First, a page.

NEW DELHI: The rapid growth of India's ecommerce market is encouraging eBay, the online retail site, to ramp up its focus on the country, where competition is intensifying sharply.

The firm established an Indian platform in 2005 and boasts over 3m registered users. It has also launched apps for Apple's iPhone and Google Android devices in recognition of the mobile web's rising importance.

"India is among the fastest-growing markets and has been identified as one of the significant potential markets for the company," Muralikrishnan B, country manager at eBay India, told the Wall Street Journal.

More specifically, eBay believes the online retail sector may expand by almost 100% this year, and "might accelerate even further", demonstrating the considerable possibilities held by the segment.

At present, the firm derives approximately 80% of its Indian returns from fixed-price purchases of products including cameras, mobile phones, laptop computers and flat-panel TV sets.

One aim for the company is to stimulate web users to make acquisitions in categories such as apparel and footwear, which offer greater margins, rather than impulsive choices like books and gadgets.

In a bid to achieve this objective, eBay has begun selling products from lifestyle and sports brands like Bata, Catwalk, Fabindia and Hidesign and Reebok.

Moreover, the organisation has recently unveiled new ads premised around the tagline "Want it. Get it", highlighting the diverse range of goods it has on sale.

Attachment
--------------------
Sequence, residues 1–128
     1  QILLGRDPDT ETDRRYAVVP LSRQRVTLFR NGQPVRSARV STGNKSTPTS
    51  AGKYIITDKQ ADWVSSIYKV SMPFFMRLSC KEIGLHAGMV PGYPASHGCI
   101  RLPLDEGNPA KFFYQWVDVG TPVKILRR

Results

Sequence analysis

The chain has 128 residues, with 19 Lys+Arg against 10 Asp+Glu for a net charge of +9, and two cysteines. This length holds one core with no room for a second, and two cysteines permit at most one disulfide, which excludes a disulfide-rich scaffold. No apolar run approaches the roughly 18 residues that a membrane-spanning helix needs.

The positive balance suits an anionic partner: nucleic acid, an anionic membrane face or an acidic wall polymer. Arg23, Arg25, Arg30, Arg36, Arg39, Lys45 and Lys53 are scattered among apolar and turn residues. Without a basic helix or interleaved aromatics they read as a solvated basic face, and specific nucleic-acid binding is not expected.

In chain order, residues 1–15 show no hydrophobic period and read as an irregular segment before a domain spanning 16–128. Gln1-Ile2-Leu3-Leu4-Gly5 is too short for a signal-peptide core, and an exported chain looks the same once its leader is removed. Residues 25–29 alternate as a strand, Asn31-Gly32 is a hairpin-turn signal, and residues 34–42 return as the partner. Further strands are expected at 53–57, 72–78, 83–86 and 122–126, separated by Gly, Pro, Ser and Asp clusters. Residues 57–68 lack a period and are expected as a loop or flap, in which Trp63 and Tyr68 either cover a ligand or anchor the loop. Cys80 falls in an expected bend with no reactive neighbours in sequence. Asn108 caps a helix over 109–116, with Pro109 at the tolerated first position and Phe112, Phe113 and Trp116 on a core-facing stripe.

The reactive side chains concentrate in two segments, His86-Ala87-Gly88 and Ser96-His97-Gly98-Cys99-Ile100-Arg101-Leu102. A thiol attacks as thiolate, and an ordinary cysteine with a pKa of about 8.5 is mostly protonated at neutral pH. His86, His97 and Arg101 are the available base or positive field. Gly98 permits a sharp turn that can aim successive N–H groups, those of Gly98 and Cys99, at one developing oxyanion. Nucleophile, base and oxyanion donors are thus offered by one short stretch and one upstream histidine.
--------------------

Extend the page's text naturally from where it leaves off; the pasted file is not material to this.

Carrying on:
"Our new campaign is congruent with our goal of step jumping e-commerce trial in general and eBay trial in particular amongst shopping enthusiasts across the country," said Kashyap Vadapalli, chief marketing officer, eBay India.

Technopak, the consultancy, estimates that India's ecommerce sector is currently worth around $600m per year, but should increase in value to more than $70bn by 2020.

Operators like Amazon, Alibaba, Groupon, Flipkart and Snapdeal are all ramping up their efforts to gain ground in India, in reflection of this potential.

"A lot of the large global internet guys missed out on the Chinese internet opportunity," said Kunal Bahl, the CEO of Snapdeal. "So India is of great strategic importance to a lot of companies out there."

Data sourced from Wall Street Journal; additional content by Warc staff